Tuesday, January 24, 2012


We were so happy to arrive yesterday evening at the Yeng Keng Hotel on Chulia Street in the World Heritage listed zone of George Town, Penang.

We thought that taking the train North from KL Sentral would be a great way to see the countryside. However for over seven and a half hours all we saw was one type of country: very flat with the occasional poor looking tiny village set in cleared land in the jungle. Rob and I were left wondering where Malaysia gets all its wealth from.

To end off the day's journey we were driven the 45 min trip from Butterworth Station over the 13.4klm bridge to Penang Island and to our hotel in a 35 year old Toyota Taxi with no muffler or air conditioning. Our lovely Indian driver gave us a tour commentary the whole way over, most of which we couldn't understand but which required responses from us.

Our hotel seemed just heavenly, on arrival...very quiet, very cool, very friendly and with beautifully decorated rooms in 30s Chinese style (and a swimming pool).

Our room opens to this shaded gallery. There are beautifully styled areas to sit and relax throughout this small boutique hotel (only 20 rooms). It's located in one of the oldest intact 19th century buildings in the heritage area of George Town.

The front of the hotel and attached cafe bar draws in other visitors but hotel guests are free at any time to get unlimited drinks and fresh fruit, and sit and read (all provided), people watch or sip G&Ts or beer (alcohol's not free, but very cheap all the same).

We loved our hotel breakfast this morning. As well as the usual omelettes, fresh fruit and cereals etc they bring in a range of local Nyonya delicacies every morning to tempt us. We'll look forward to breakfasts while we're here!

We spent some hours just wandering the streets around our hotel this morning. The area is predominantly Chinese (who comprise 46% of the population of Penang). It was still very quiet today with most businesses closed. Apparently things don't get back to normal after Chinese New Year until the 25th January. The street arcades are a photographer's dream. As we walked through we could see many families relaxing and eating together. New Year is a time for family reunions and feasting just like our Christmas. Lots of the young men were letting off firecrackers outside the doors (Tom Thumbs and Double Bungers) and little kids were setting off Throw Downs with the help of grown ups.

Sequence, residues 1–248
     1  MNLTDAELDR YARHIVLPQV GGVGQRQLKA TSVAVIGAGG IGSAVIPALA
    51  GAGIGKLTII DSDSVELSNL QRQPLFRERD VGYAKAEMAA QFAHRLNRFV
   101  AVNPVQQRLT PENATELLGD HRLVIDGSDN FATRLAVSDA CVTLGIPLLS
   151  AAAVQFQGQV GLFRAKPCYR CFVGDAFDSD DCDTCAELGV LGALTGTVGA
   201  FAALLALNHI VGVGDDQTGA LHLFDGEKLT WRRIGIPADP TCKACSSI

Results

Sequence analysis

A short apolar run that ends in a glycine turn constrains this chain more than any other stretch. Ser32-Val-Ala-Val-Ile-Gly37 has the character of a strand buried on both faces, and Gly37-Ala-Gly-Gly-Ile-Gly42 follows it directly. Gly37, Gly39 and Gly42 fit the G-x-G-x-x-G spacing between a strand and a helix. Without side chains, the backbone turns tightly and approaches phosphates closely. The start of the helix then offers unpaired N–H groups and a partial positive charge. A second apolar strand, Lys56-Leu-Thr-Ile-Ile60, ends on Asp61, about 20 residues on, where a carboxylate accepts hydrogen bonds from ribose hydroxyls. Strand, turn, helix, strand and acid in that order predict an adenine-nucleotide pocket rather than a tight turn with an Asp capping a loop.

This area would be more Chinese than it is in China today I'd say!

We came to the Kapitan Keling Mosque, two blocks from our hotel (the call to prayers woke us at 5.00am this morning - but didn't stop us sleeping in then till 8.00am). Its the oldest mosque in George Town, originally built for Muslim Indians working for the East India Company. We were lucky enough to catch this little vignette of a fashionable Muslim Indian (?) couple getting some wedding shots taken in the grounds of the mosque (and here on the road outside).

And a little further on the Yap Kongsi (clan house for the Yap clan) and Temple on Lebuh (street) Armenian. The original Chinese settlers (most started as labourers) were from all over China so these traditional clan houses and family temples are a big part of George Town's cultural and social (and architectural) heritage.

The heritage tours by tri-shaw are for the tourists. There is a combined weight limit of 135kg for passengers. We saw a fair few today who would have extended that limit - not a pretty sight.

Labuh Armenian is a very pretty street with some trendy galleries and shops and cafes being developed now the heritage listing is assured. I liked the look of the Penang Islamic Museum at the end of the street but it was another building that was closed today.

Another area we found today was the Clan Jetty on the NE waterfront of the old Georgetown harbour. They're rows of teak houses built out on the water by the original Chinese workers and fishermen on the waterfront. They started on their boats then moved into these houses as they made more money. There are rows and rows of them. It feels a bit invasive walking up the central plank paths but everyone gave us a friendly greeting.

Most of them are decorated for New Year and lots of families were at home today and in a very relaxed mood.

No railings on the jetty as it extends out to the water - lots of little kids living on these jetties too.

I think these families would enjoy living over the water in their teak houses far more than their counterparts living in those big apartment blocks around the edge of the central heritage area of George Town.

Where have we eaten so far? Last night with all the Chinese restaurants closed we headed to Little India, which was a really rocking place; please add the sound of very loud Bollywood music to this street scape. We ate at Sri Ananda Bagwhan which came highly recommended. The food was fantastic but the whole experience was a bit too hot and noisy and confusing for what I needed last night.

Today for lunch we found this great open air food hall full of Malysian hawker food outlets. it was very cool and breezy and we both were able to try our first Penang Laksa. Which turns out to be very different to our favourite Singapore style laksas at home. Penang Laksa is based on fish broth and strongly flavoured with tamarind (and coriander and chili) It will take a bit of getting used to I think.

I couldn't stop Rob taking this picture of me......just taken my hat and glasses off......so, so sweaty and hot and not had the chance to let that fresh lime juice do its magic yet!

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